HL Deb 02 May 1854 vol 132 cc1188-90

LORD REDESDALE moved the following Resolution— That this House will not read any Bill a Second Time after Tuesday, the 25th of July, except Bills of Aid or Supply, or any Bill in relation to which the House shall have resolved, before the Second Reading is moved, that the Circumstances which render Legislation on the Subject Matter of the same expedient are either of such recent Occurrence or Urgency as to render the immediate Consideration of the said Bill necessary. The noble said he believed, that if their Lordships would adopt the Resolution, that it would have the effect of enabling them to draw their deliberations to a close at an earlier period of the year than had hitherto been the case. A restrictive principle of a similar nature had been already adopted in reference to private business, and with the best effect, because the parties interested were thereby induced to prepare and press forward their Bills, and the Committees exerted themselves to expedite them; and he could see no reason why they should not extend the rule to public business as well. And to show how necessary it was to adopt some rule of the kind—if their Lordships wished to give a due consideration to the measures that came before them—he would refer to the experience of the last Session of Parliament, which commenced in the month of November. During the last Session there were no less than 136 public Bills passed; but of these only forty had been passed up to the end of July; so that in the month of August no less than ninety-six Bills received the Royal assent, sixty-two of which were read a second time after the 25th of July. Now, it must be evident at the first glance that sufficient time was not allowed for the consideration of the many subjects involved in these Bills. It had been said sometimes that their Lordships' House was merely for the purpose of registering the deeds of the other House of Parliament—that, in fact, they were almost useless for the purposes of legislation. But really the experience of last Session would seem to justify such a conclusion, and give the charge some weight, when it was considered how numerous were the measures that had been so quickly disposed of. He would only say, in conclusion, that he believed the Speaker of the House of Commons and several of the most influential Members were in favour of the proposal which was embodied in his Resolution.


said, he remembered ever since he entered Parliament, now nearly fifty years, the complaints now made by the noble Lord having been made in that House over and over again, and there must, he thought, be some very great difficulty in remedying the evil; since, notwithstanding the multitude of complaints which had been made, it still continued unabated. The attempt now made by his noble Friend might produce some effect; but he (the Earl of Aberdeen) was not very sanguine as to the result. Their Lordships might, however, adopt it, at least as an experiment, and they would then see what effect it would have during the present Session. He believed the tendency of the Resolution would be to expedite the progress of Bills in the House of Commons, and enable them to be laid before their Lordships at an earlier day than at present. The qualifications contained in the Resolution were necessary ones, for it would be impossible to bind the House not to read a Bill a second time after the 25th of July. It was absolutely necessary for Bills of aid or supply, and other measures described by the noble Lord, to be taken from the strict application of the rule, or otherwise he was not sure how far it would be right for the House to name arbitrarily a day after which their Lordships would not hear or proceed with public measures. However, without being sanguine as to the effect of the Resolution, he thought the object was a good one; and as he understood that several influential Members of the House of Commons took the same view as the noble Lord did, he would not throw any obstacle in the way of a fair trial of the experiment in the present Session.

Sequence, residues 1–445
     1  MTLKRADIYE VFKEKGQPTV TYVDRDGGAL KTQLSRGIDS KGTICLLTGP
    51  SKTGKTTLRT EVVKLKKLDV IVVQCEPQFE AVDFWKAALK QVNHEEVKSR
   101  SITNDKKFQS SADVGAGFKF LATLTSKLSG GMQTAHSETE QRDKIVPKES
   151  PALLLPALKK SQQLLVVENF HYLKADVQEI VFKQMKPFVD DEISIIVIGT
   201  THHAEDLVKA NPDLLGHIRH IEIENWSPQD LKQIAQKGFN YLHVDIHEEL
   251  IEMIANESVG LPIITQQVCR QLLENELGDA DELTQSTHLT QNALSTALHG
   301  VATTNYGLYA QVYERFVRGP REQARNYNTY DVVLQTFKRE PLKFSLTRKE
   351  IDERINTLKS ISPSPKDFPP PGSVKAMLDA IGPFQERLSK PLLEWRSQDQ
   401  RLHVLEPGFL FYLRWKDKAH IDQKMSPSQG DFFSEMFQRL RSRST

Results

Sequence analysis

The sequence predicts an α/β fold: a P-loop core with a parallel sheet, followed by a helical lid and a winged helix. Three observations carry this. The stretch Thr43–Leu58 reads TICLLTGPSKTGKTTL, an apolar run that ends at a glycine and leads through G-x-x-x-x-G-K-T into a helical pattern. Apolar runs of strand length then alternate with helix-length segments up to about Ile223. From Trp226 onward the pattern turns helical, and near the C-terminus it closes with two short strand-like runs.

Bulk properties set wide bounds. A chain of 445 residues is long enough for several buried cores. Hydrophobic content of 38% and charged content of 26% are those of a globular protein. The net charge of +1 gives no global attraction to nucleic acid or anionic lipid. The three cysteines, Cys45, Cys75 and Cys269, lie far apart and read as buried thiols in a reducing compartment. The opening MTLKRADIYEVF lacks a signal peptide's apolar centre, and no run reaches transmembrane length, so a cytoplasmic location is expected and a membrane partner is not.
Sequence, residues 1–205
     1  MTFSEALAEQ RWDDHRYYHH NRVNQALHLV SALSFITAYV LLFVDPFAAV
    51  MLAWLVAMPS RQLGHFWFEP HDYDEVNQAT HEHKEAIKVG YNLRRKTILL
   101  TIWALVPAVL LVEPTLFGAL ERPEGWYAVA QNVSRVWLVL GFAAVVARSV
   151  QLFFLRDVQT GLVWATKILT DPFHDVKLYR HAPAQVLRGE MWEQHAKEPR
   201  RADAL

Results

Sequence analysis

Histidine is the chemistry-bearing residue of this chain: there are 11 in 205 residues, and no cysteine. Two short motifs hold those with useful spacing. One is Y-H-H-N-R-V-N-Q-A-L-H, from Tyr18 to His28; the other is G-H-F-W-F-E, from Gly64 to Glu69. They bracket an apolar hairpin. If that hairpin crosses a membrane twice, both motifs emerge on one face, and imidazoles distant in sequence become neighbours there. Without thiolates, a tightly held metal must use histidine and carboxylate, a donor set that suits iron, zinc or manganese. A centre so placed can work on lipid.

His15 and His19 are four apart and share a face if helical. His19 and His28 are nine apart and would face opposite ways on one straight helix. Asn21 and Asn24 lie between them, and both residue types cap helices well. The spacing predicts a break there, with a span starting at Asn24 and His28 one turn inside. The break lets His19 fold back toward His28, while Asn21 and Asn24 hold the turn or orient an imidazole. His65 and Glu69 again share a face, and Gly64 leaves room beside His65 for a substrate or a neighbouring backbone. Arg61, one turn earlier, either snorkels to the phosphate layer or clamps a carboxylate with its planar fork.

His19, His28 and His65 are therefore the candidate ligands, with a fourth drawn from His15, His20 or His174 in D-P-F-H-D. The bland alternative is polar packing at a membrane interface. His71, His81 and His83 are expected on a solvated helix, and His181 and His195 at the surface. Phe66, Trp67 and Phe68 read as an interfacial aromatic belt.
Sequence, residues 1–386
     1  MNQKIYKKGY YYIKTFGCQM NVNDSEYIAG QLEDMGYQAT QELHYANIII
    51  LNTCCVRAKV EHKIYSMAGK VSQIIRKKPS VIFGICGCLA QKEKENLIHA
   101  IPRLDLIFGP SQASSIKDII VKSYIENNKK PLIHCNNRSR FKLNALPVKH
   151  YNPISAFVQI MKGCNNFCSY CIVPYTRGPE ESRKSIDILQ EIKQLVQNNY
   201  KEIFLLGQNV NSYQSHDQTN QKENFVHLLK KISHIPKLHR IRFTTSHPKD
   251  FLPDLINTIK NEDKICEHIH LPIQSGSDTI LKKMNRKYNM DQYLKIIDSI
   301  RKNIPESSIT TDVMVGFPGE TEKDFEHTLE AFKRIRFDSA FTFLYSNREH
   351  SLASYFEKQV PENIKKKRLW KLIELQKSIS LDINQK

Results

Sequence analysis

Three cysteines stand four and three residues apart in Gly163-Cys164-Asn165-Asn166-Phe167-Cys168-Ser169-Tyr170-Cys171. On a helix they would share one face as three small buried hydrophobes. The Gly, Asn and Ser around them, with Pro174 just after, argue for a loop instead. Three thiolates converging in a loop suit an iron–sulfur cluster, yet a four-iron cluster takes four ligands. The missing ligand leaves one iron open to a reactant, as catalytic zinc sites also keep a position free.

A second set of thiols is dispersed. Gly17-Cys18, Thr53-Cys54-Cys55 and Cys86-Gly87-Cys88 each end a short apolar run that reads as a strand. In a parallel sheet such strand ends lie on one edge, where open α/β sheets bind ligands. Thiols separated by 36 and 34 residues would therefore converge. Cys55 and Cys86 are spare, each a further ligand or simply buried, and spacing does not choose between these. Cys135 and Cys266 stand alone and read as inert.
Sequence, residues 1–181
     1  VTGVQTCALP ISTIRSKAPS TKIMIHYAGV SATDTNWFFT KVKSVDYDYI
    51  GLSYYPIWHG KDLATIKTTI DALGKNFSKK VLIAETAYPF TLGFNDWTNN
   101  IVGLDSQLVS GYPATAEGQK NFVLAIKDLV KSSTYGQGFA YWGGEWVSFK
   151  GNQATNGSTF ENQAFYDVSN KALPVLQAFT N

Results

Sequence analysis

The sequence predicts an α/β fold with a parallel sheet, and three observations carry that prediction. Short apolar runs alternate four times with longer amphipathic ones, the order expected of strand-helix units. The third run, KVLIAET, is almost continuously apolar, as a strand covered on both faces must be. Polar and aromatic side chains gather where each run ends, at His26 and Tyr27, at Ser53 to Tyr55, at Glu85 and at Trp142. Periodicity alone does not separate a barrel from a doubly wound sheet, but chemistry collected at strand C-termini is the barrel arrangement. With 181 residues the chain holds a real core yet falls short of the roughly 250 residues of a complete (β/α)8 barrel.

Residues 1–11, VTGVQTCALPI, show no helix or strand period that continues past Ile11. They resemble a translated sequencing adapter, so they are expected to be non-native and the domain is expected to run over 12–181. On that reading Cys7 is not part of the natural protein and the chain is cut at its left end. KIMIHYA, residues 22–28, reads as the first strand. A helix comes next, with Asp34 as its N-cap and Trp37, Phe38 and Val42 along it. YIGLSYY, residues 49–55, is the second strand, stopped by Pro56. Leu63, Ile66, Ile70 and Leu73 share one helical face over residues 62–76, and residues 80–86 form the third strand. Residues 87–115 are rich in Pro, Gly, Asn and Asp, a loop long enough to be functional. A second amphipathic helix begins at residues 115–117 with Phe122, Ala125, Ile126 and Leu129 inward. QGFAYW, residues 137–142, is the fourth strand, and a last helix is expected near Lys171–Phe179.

hoped their Lordships would not agree to the Motion. That they should say beforehand that after the 25th of July they should then and there stop the whole Parliamentary business of the country, appeared to him to be almost unconstitutional. Parliament was supposed to be sitting continually, and if the House of Commons sent up a Bill to their Lordships after the 25th of July, they were bound to take it into consideration, though of course they were at perfect liberty to postpone it, to pass it, or to reject it, just as they thought proper. Why should not their Lordships be in that House attending to their duty after the 25th of July as much as before that date? As Peers of Parliament it was their duty to attend, and he was unwilling to announce to the world that they were passing a Resolution to enable them to evade their duty in order to enjoy the summer months in the country. He protested against the Resolution, as being an attempt arbitrarily to limit the duration of Parliament, to prevent their Lordships from discharging their duty, and to violate the principles of the Constitution.


believed that, so far from the Resolution enabling their Lordships to shrink from their duty, it would be found practically of great usefulness, and would induce them to proceed with public business with due despatch, unless a particular reason existed for deferring it. As to the Resolution being unconstitutional, it was only carrying out an old standing order of the House. In 1668, an order was passed in reference to a Bill which came up from the House of Commons, requiring that no discussion should take place upon Bills introduced after a certain date in the Session.

In reply to a question from Lord STANLEY of ALDERLEY,


stated, that if his Motion were agreed to, it would become a sessional, and not a standing order.

On Question, agreed to.

House adjourned to Thursday next.